The opinion of the court was delivered by: Lawrence J. O'Neill United States District Judge
ORDER DENYING WITHOUT PREJUDICE SPECIALTY'S MOTION FOR SUMMARY JUDGMENT AND EAKIN ENTERPRISES' REQUEST FOR A STAY (DOC. 43)
This is a patent infringement case brought by Eakin Enterprises, Inc. ("Eakin Enterprises") against Specialty Sales LLC ("Specialty"). Eakin Enterprises' first amended complaint ("FAC") alleges infringement of U.S. Patent No. 7,987,820 ("the '820 Patent"), a violation of the Clayton Act, and violations of California's Unfair Practices Act and Unfair Competition Law. Specialty has filed a counter claim against Eakin Enterprises and its President and Chief Executive Officer John W. Eakin ("Mr. Eakin"). Doc. 41. In the instant motion, Specialty seeks to dismiss Eakin Enterprises' patent infringement claim for failure to state a claim. Doc. 43. In the alternative, Specialty seeks partial summary judgment as to the patent infringement claim as well as on Specialty's own counterclaim for a declaratory judgment that the '820 Patent is invalid. Id. Eakin Enterprises filed an opposition, Doc. 45, to which Specialty replied, Doc. 48. The motion was originally set for hearing on June 7, 2012, but the hearing was vacated by an order that also requested supplemental filings. Doc. 49. On June 8, 2012, Eakin Enterprises filed the requested declaration of Mr. Eakin. Doc. 50. Specialty filed objections on June 13, 2012. Doc. 53. The matter was then submitted for decision on the papers pursuant to Local Rule 230(g).
Eakin Enterprises manufactures and licenses the use of a cattle foot-bath system that is covered by the '820 patent. Doc. 41, First Amended Complaint ("FAC"), at ¶ 8. The product and system applies formaldehyde to dairy cattle's feet before they are moved into milking parlors in order to prevent hoof diseases and contamination of the work area. Id. Specifically, the product and system is designed to provide a precise and safe means of measuring and distributing formaldehyde into the foot-bath. Id. Generally, Eakin Enterprises provides the equipment to the farmer or rancher, with the understanding that the formaldehyde solution used in the system will be purchased from Eakin Enterprises. Id.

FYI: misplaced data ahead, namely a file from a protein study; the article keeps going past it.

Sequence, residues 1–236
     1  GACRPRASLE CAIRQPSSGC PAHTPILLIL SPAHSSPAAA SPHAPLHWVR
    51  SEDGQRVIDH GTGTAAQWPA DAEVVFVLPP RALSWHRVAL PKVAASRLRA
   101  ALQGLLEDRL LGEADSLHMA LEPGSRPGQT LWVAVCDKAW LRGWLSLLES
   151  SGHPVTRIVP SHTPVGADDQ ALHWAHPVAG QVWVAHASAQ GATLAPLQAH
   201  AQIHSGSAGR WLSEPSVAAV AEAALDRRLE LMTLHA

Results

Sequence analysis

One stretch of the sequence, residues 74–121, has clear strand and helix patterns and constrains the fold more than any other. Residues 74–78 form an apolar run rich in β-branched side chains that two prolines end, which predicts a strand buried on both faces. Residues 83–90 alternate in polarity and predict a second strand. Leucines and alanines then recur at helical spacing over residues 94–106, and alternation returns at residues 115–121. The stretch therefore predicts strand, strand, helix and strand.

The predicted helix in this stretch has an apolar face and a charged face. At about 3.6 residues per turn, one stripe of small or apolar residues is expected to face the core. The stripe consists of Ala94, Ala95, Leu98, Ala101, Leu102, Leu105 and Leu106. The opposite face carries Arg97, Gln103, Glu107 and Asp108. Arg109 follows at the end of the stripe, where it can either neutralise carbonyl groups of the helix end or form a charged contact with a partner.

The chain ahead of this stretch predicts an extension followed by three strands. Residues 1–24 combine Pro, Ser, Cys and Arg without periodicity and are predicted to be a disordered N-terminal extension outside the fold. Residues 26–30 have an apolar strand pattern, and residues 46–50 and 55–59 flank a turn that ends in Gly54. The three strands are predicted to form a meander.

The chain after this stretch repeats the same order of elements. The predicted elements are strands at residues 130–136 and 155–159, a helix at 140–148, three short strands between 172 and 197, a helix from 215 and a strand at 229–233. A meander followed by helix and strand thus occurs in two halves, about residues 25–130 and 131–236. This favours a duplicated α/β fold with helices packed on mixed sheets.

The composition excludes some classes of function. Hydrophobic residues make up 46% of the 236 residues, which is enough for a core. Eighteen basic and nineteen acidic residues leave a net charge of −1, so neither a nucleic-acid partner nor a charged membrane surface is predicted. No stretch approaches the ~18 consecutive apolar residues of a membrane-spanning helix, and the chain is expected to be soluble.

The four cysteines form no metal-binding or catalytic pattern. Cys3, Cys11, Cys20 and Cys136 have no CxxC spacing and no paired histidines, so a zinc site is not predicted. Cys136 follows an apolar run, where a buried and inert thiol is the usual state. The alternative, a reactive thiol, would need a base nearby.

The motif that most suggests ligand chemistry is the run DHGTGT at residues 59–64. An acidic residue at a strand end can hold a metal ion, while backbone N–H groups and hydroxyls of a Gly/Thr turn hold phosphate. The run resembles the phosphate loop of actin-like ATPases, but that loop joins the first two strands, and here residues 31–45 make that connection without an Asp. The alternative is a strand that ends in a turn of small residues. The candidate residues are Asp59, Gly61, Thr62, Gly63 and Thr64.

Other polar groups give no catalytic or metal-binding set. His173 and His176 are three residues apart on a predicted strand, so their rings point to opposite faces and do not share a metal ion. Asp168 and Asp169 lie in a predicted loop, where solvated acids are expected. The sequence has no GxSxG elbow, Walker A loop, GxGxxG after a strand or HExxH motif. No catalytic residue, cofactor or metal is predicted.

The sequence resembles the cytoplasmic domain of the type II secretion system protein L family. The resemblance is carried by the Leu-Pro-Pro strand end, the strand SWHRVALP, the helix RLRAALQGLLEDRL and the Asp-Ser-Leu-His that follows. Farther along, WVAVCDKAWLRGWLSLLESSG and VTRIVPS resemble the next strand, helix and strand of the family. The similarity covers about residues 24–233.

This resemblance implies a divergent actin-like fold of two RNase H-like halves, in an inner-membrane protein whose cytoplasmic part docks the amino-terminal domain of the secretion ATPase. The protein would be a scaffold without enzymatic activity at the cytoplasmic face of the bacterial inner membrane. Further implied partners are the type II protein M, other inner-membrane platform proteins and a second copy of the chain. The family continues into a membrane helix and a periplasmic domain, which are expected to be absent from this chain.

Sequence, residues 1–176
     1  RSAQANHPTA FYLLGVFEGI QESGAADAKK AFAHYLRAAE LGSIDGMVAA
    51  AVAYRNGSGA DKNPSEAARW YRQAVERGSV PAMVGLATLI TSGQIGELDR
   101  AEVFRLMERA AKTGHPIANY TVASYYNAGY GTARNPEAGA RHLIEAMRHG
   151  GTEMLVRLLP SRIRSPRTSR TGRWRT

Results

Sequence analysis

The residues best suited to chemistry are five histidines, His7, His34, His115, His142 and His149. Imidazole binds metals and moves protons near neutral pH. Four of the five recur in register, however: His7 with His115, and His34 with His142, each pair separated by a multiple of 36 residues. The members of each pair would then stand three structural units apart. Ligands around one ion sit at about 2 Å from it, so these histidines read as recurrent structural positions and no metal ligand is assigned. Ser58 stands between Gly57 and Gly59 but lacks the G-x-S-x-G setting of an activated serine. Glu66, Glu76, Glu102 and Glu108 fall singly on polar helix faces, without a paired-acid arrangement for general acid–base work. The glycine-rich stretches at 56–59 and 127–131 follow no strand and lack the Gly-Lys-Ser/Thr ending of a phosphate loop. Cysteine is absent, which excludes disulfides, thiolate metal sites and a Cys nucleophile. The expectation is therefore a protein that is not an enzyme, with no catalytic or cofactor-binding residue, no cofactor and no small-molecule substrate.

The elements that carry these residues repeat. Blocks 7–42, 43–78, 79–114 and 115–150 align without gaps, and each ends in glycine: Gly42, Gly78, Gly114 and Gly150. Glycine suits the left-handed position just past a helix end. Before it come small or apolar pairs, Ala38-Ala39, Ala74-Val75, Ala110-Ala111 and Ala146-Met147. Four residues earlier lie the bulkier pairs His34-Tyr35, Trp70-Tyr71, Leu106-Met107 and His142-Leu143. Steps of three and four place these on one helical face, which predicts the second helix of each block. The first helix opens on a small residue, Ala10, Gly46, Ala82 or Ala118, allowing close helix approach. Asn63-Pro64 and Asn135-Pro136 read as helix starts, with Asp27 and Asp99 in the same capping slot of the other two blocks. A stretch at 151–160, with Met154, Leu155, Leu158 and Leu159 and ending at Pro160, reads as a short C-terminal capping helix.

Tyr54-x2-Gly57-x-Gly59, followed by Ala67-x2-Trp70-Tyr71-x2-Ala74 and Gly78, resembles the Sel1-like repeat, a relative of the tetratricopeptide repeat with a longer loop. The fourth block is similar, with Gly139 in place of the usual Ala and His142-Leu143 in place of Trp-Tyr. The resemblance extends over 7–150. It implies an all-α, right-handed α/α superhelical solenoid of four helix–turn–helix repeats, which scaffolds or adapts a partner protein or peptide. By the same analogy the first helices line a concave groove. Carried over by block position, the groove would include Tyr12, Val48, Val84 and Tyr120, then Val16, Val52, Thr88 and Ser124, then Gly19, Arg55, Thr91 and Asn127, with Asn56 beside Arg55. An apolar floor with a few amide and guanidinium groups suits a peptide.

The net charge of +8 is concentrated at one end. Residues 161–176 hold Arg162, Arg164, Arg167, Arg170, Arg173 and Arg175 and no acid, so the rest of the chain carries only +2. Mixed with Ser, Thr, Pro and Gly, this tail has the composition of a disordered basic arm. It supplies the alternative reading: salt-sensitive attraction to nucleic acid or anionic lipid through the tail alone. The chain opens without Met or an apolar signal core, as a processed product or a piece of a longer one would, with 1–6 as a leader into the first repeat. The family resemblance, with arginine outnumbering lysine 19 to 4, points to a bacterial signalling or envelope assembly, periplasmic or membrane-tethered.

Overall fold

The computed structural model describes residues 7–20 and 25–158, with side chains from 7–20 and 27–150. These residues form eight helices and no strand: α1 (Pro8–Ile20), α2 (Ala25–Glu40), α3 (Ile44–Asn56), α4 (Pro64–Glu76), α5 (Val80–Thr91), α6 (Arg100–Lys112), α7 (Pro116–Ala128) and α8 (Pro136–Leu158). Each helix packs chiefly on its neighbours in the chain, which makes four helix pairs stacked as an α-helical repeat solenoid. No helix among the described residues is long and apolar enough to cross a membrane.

Eakin Enterprises alleges that Specialty manufactures, uses, sells and offers to sell, or provides for use, a cattle foot-bath system that infringes on one or more claims of the '820 patent. Id. at ¶¶ 9, 11-16. Eakin Enterprises further alleges that Specialty offers formaldehyde solutions to farmers and ranchers at prices substantially below market value and that the low pricing causes Eakin Enterprises' customers to switch to Specialty's cattle foot-bath system. Id. at ¶ 10, 17-19. In addition, Eakin Enterprises alleges that Specialty's sale of formaldehyde is tied to the customers continuing use of Specialty's cattle foot-bath system. Id.
On September 23, 2011, Eakin Enterprises filed a complaint against Specialty in the U.S. District Court for the Eastern District of Washington. Doc. 1. Specialty's motion to transfer the matter to this Court was granted. Docs. 5 & 16. Once the case was transferred, Specialty filed an answer containing counterclaims for declaratory relief that: (1) Specialty had not infringed the '820 patent (against Eakin Enterprises); (2) the '820 patent is invalid (against Eakin Enterprises); and (3) the '820 patent is unenforceable (against Eakin Enterprises and Mr. Eakin). Doc. 30. Specialty also included a counterclaim for unfair competition, in violation of Cal. Bus. & Prof. Code § 17200 (against Eakin Enterprises). Doc. 30. Eakin Enterprises and Mr. Eakin answered Specialty's counterclaims. Doc. 32.
On April 16, 2012, Eakin Enterprises filed its FAC, which alleges the following claims for relief against Specialty: (1) infringement of the '820 patent; (2) attempt to monopolize the industry, in violation of the Clayton Act; (3) violations of California's Unfair Practices Act, Cal. Bus. & Prof. Code § 17000, et seq.; and (4) violations of California's Unfair Competition law, Cal. Bus. & Prof. Code § 17200, et seq. Doc. 41. On April 26, 2012, Specialty filed the instant motion. Doc. 43.
A.Motion to Dismiss Pursuant to Fed. R. Civ. P. 12(b)(6).
A motion to dismiss pursuant to Fed R. Civ. P. 12(b)(6) is a challenge to the sufficiency of the allegations set forth in the complaint. A 12(b)(6) dismissal is proper where there is either a "lack of a cognizable legal theory" or "the absence of sufficient facts alleged under a cognizable legal theory." Balisteri v. Pacifica Police Dept., 901 F.2d 696, 699 (9th Cir. 1990). In considering a motion to dismiss for failure to state a claim, the court generally accepts as true the allegations in the complaint, construes the pleading in the light most favorable to the party opposing the motion, and resolves all doubts in the pleader's favor. Lazy Y. Ranch LTD v. Behrens, 546 F.3d 580, 588 (9th Cir. 2008).